Remembering our dear departed on Nov. 1

12:03 AM November 17, 2015

THERE is the tradition among our Christians and Catholics to remember the dead on Nov. 1, which is really All Saints Day. It is on Nov. 2, All Souls Day, when our dear departed are remembered in the liturgy.

Our custom here of going to the cemeteries on Nov. 1 is not really that “bad.” When I celebrate Masses in cemeteries, I stress that the day is All Saints Day, but honoring our dead on this day is a positive and loving, perhaps subconscious, affirmation that they are among the saints. Really, what is wrong with that? Perhaps that was what the missionaries taught us. Nov. 1 is, after all, the celebration of all saints, and there have been so many people who have been good to us: our parents, teachers, friends, etc.


Besides, Nov. 2 is not always a non-working holiday. Doesn’t Pope Francis remind us not to be too preoccupied with minor matters? But then we know that the difference between a terrorist and liturgist is that with a terrorist we can negotiate.

Through this seeming confusion, we reveal our being a positive people, and a certain dimension of our resiliency: Regardless of what the dead had been or had gone through in life—good or bad, enemies or friends—they are now with God. And that is what being a saint is after all: to be with God forever. Which is what we also desire one day for ourselves, unless we would prefer a warmer climate(?).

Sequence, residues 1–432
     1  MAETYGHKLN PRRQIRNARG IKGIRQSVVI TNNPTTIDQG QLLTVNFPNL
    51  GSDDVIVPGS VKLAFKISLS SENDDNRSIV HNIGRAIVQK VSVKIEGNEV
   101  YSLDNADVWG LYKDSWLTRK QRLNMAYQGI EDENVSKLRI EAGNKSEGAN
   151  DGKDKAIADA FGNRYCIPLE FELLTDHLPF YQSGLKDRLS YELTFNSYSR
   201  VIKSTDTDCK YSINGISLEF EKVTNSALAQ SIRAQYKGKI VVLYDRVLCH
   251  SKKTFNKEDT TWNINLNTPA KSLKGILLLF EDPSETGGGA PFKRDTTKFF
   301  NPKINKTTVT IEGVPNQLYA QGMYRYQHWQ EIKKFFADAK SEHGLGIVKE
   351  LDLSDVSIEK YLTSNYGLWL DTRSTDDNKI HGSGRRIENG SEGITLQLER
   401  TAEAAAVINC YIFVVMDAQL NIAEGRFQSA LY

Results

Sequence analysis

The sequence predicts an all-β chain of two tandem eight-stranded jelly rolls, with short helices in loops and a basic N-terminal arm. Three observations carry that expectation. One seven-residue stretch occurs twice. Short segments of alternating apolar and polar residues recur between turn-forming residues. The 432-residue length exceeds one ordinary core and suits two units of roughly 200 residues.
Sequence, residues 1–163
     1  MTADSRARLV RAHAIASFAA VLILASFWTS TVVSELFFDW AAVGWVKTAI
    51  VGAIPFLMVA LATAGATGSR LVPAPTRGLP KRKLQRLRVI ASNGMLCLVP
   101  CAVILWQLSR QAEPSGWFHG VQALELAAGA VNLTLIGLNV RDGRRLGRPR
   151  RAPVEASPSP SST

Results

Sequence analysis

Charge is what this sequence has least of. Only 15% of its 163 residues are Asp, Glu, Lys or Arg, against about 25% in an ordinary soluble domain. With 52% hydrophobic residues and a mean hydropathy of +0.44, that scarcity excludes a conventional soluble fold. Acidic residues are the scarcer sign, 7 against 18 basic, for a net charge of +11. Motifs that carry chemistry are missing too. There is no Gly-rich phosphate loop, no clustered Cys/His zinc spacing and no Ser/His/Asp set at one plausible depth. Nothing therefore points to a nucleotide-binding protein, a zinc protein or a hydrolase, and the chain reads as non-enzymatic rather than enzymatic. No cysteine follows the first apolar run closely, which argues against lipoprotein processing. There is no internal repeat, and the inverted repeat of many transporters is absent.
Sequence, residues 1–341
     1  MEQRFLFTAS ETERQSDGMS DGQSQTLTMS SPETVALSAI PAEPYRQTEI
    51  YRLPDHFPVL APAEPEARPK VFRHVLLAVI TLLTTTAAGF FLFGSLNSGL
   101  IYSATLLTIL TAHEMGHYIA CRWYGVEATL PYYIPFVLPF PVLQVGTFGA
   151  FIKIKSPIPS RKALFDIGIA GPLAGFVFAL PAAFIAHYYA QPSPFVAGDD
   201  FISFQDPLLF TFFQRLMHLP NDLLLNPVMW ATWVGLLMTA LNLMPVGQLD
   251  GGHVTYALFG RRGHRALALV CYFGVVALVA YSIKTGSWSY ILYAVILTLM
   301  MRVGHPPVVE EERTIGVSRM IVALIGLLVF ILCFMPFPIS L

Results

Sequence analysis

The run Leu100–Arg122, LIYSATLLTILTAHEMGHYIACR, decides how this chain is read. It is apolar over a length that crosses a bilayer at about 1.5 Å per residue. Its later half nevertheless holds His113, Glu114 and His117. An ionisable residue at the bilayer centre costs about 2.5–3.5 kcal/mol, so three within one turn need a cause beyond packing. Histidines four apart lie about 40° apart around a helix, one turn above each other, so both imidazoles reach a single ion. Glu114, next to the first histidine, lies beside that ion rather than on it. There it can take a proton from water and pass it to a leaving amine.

The official recognition of the Church with regard to our beloved dead is not important for us. They are now with God, and that is all that matters.

So after praying a little, we bring out the sandwiches and drinks and recall the good times with the dead we are honoring, shed a few tears for the sweet memories, and end the “gathering” by blowing kisses to them, kisses that will surely reach them. If we believe they are with God and God is everywhere, then heaven is everywhere.

Nov. 1 and 2 are days for celebrating life, the one with God forever. And by the way, we receive blessings for remembering the dead: a plenary indulgence until Nov. 8 and a partial indulgence the rest of the month, applicable to the holy souls. So may they rest in peace as we pray for them and they for us, who need the prayers perhaps more than they do.

—ANTONIO-MARIA ROSALES, OFM, [email protected]

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